In further signs that he is preparing to run for the presidency of the United States former Florida governor Jeb Bush is leaving his position at Barclays bank, according to the Financial Times.
The brother of America's 43rd President George W. Bush recently announced that he would "actively explore the possibility of running for President of the United States".
The excitement surrounding this non-announcement set US commentators pens alight judging his record and chances of victory against likely Democratic nominee Hillary Clinton.
Bush's exit from Barclays is the first in what could be a series of reforms to his business affairs that would be necessary for his candidacy. Mitt Romney faced a barrage of criticism from opponents for his business interests with Bain Capital.
Intimate connections with business and finance could leave Bush's campaign open to the same sort of attacks, according to Bloomberg's Joshua Green.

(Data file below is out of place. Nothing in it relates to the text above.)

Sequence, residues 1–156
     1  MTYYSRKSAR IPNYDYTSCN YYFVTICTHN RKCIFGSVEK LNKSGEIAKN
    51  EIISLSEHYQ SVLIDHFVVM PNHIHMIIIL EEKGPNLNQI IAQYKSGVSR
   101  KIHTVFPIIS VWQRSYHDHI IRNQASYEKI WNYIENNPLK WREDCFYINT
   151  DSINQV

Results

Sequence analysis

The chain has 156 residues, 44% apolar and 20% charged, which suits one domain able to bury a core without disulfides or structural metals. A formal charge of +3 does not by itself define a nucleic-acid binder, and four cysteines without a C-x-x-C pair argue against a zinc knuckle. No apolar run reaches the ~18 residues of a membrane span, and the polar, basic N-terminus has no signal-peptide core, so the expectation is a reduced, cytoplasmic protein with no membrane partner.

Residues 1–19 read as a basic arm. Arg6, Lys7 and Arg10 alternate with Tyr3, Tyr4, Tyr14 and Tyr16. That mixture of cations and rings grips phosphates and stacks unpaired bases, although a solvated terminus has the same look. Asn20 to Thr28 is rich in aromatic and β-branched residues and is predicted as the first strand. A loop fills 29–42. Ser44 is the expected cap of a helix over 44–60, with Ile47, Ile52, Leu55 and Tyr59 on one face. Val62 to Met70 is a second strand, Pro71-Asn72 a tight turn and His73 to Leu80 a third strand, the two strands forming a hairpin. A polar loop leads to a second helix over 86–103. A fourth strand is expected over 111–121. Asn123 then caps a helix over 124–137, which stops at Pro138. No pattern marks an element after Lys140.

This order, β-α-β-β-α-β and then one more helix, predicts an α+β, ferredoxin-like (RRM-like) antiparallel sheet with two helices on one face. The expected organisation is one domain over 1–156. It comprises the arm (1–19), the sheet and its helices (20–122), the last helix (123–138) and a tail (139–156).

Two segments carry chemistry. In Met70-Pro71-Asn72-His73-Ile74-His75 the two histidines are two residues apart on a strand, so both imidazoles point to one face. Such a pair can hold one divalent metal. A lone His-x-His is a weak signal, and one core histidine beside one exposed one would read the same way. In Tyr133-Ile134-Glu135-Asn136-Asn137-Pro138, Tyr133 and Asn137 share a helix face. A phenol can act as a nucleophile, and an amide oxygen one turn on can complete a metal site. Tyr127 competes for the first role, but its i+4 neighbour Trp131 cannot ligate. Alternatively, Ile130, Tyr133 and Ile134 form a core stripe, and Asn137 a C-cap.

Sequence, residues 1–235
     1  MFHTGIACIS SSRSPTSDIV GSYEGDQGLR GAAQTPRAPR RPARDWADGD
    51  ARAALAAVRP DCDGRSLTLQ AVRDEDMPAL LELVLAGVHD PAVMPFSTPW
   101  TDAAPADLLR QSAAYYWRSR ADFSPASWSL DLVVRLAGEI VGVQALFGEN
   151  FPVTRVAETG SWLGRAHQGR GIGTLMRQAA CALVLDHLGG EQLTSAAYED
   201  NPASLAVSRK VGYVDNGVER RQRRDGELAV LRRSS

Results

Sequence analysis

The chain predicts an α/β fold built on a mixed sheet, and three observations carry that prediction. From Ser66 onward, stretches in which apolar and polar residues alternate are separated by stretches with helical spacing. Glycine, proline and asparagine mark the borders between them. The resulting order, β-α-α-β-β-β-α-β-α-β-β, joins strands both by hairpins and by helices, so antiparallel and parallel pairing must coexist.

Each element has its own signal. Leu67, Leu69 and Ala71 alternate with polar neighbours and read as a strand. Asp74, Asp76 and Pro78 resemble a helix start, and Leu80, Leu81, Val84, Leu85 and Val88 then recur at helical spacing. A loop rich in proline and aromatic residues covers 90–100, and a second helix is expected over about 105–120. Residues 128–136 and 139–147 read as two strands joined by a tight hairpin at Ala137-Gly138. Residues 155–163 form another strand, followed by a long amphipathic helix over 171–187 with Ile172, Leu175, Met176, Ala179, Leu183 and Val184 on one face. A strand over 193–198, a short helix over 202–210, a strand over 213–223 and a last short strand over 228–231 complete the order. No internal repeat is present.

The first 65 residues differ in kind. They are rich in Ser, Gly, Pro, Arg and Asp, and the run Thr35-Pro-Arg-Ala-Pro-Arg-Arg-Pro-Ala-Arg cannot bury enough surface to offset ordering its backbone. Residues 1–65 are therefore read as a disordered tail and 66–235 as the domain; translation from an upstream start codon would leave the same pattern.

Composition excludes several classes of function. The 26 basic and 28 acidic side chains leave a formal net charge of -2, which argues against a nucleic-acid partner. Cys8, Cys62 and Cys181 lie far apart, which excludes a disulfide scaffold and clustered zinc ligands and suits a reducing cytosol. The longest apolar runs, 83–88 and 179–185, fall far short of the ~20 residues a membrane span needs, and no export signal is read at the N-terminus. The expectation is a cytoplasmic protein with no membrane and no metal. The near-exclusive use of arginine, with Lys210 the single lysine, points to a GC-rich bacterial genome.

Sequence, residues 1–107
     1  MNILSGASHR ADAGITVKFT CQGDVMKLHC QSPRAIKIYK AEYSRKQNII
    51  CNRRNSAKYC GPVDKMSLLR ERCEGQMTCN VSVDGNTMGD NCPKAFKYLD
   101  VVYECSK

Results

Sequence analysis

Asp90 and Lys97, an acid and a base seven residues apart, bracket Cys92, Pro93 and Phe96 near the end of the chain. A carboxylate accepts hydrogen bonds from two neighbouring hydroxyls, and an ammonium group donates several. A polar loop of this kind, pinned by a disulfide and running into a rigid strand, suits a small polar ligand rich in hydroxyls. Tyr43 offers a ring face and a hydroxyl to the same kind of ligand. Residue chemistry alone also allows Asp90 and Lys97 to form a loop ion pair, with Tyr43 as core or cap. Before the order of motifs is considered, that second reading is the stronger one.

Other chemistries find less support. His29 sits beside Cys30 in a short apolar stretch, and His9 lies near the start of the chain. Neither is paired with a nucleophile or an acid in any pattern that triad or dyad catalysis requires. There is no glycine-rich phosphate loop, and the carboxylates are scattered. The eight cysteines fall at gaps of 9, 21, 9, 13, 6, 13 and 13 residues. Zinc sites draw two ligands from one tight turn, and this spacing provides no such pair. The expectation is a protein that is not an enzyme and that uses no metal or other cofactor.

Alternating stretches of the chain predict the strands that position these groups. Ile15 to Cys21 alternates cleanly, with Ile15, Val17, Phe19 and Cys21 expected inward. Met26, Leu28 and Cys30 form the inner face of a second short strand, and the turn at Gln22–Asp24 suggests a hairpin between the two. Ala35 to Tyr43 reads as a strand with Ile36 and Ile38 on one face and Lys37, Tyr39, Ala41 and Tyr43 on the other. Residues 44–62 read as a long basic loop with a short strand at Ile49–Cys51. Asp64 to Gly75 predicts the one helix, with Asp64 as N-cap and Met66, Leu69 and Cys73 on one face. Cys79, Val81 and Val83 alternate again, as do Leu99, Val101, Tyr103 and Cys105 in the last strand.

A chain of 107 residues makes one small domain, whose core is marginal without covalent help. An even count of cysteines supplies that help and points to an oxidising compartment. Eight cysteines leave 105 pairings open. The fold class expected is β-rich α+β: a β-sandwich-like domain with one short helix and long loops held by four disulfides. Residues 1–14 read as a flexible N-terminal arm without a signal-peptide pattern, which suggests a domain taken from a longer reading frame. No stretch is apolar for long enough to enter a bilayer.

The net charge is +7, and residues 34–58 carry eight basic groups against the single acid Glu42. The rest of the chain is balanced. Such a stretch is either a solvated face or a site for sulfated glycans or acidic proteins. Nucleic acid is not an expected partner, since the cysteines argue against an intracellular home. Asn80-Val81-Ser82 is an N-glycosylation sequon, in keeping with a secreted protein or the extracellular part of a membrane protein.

However, Bush sought to head-off some of this criticism, telling a Florida TV station:
I think Mitt probably didn’t defend an incredible success story, but that’s totally his deal.
We’re creating jobs, we’re expanding business. I’m not ashamed of that at all. I think that practical experience is something that might be useful in Washington, DC.
The Republican establishment would dearly love to see Bush run and counter some of the party's more conservative and libertarian insurgents such as Senators Ted Cruz and Rand Paul.
Most Republican operatives had assumed Bush would not run for the nomination given his lack of campaigning activity and fund raising.
The race for the GOP nomination is set to be one of the most competitive yet with the number of likely candidates going into double digits. Bush could be an attractive prospect with a fiscally conservative record as governor of Florida, but his positions on immigration and education put him on the more liberal wing of the party.
In a recent ABC poll Bush was the front runner for the nomination on 14 per cent, followed by congressman Paul Ryan on 11 per cent and Kentucky Senator Rand Paul, who polled 10 per cent. However, these early polls owe more to name recognition than voting intention and the race remains wide open.